Commercial policy is the part of economic policy of a country, that is related with measures and instruments that influence exports and imports, either through quantities, prices or which good will be traded or not.
Instruments of commercial policy
- Tariff policy: mainly exports and imports tariffs.
- Non-tariff restrictions: quantitative restrictions (import and export quotas, differential exchange rates, etc.).
- Subsidies and instruments that promote certain industries: The state may subsidize certain industries which replace imports or increase exports. Governments can also give technological support and promote international commercial relations.
Reasons to reduce imports
- To protect local employment in certain industries
- To reduce commercial deficit
Commercial policy integrates into a national economic development policy.
Bilateral agreements: 2 countries undertake an agreement. One country reduces import tariffs or other restrictions to imports from the another country, and the other country does the same with certain products from the first country.
Free trade agreements: a lot of commercial barriers between 2 or more countries are reduced or eliminated.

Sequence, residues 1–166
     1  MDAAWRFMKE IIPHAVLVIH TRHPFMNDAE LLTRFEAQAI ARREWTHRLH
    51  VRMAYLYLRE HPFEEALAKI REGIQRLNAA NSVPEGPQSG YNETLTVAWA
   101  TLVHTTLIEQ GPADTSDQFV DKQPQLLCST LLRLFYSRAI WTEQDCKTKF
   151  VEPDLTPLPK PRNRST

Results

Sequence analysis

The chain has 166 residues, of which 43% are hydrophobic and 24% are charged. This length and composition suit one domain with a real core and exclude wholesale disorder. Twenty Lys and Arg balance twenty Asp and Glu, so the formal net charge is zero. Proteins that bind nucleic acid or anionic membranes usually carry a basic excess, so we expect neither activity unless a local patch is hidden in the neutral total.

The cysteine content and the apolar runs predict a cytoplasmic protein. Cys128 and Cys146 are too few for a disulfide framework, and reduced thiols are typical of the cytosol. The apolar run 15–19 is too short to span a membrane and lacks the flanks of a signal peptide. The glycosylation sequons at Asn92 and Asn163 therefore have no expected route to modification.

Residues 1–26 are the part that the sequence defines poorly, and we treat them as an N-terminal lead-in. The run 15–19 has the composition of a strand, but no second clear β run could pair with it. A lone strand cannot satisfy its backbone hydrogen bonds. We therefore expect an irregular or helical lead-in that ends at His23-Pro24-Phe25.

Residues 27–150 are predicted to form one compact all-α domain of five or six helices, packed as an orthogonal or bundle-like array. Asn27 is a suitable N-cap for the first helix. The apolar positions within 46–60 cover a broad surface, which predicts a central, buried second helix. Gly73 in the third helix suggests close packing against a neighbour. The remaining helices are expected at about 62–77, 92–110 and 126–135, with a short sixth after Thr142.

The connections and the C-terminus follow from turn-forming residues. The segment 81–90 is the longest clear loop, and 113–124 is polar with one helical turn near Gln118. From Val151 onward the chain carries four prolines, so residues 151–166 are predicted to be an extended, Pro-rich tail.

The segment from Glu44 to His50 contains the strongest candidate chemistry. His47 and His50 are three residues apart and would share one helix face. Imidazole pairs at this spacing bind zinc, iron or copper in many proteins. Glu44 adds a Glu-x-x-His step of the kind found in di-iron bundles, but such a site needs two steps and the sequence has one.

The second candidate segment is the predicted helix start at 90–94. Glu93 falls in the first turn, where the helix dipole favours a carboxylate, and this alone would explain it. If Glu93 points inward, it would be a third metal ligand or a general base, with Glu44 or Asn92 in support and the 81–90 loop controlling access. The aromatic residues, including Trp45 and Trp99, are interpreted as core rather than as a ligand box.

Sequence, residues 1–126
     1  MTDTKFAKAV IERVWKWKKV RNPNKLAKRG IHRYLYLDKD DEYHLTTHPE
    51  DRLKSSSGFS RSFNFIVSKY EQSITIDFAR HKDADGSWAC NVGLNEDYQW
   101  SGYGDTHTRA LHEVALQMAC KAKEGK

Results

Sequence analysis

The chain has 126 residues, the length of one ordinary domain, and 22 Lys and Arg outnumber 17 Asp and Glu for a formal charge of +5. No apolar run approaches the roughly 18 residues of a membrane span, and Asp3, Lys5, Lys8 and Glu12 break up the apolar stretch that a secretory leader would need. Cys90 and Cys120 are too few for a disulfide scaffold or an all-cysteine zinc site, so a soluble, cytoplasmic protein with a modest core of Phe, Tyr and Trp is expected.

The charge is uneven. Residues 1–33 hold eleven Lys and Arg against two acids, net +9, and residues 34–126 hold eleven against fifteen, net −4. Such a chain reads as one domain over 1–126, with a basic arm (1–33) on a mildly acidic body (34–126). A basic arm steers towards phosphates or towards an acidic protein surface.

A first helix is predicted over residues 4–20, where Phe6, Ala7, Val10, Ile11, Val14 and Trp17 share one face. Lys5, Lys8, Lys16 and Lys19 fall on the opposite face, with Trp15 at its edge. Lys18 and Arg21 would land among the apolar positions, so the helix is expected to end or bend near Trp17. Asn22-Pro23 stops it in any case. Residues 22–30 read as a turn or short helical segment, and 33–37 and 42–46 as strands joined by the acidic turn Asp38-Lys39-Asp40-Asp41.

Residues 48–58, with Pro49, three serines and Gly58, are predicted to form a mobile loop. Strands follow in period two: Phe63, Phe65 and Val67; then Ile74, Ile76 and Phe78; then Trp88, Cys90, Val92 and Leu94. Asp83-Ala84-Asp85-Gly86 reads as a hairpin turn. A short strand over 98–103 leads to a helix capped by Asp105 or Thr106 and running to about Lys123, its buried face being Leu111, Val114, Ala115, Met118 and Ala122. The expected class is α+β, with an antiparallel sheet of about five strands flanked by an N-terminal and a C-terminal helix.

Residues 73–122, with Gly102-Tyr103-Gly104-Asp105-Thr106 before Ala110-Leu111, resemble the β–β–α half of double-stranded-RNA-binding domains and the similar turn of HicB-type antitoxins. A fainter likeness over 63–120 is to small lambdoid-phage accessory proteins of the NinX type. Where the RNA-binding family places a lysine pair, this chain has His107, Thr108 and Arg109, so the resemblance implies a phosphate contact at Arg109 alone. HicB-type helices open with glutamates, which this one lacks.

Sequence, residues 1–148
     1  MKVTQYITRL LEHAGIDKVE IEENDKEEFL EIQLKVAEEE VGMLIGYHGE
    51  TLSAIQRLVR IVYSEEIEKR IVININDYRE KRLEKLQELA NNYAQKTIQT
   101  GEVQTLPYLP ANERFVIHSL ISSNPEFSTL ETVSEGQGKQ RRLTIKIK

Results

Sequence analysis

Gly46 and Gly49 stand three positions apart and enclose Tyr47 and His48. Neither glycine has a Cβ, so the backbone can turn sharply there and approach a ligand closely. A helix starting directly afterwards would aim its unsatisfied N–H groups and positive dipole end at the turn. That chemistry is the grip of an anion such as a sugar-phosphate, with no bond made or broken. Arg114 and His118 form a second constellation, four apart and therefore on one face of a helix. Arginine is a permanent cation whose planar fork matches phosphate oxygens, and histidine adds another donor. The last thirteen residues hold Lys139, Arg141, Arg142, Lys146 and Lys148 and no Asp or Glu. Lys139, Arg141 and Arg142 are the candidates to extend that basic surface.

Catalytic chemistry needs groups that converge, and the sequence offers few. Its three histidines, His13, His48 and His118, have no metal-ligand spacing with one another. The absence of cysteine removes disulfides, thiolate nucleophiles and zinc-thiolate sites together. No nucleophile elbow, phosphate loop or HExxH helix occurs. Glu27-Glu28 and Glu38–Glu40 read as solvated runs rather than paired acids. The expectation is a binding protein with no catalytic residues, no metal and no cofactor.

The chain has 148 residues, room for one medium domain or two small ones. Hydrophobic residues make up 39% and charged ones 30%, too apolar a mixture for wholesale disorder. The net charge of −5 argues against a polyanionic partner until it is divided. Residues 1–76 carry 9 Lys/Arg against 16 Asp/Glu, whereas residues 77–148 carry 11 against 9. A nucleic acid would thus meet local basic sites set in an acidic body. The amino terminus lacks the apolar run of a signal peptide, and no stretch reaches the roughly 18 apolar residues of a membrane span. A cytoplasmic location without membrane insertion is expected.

Custom unions: a group of countries unifies his external custom tariffs and make agreements regarding its internal tariffs.
Free economic areas: a lot of commercial regulations are eliminated. The movement of production factors is liberalized and monetary policy is coordinated. There are several grades of economic unions. European Union has unified it’s currency and released the movement of production factors.
Commercial relations between governments are not always cooperative: restrictive measures taken by a country can lead to other restrictive measures taken by another country in response to the first measures. For example, if a country raises its import tariffs to a product, the country that exports these products can raise the tariffs to products exported from the first country.